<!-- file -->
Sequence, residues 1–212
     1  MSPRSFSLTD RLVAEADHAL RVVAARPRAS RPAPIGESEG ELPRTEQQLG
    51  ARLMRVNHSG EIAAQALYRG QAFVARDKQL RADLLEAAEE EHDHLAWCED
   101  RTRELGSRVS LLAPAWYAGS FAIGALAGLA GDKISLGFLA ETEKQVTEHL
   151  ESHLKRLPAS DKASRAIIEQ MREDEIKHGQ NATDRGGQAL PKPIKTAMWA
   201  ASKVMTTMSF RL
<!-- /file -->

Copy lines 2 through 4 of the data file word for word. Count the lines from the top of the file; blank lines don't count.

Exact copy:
     1  MSPRSFSLTD RLVAEADHAL RVVAARPRAS RPAPIGESEG ELPRTEQQLG
    51  ARLMRVNHSG EIAAQALYRG QAFVARDKQL RADLLEAAEE EHDHLAWCED
   101  RTRELGSRVS LLAPAWYAGS FAIGALAGLA GDKISLGFLA ETEKQVTEHL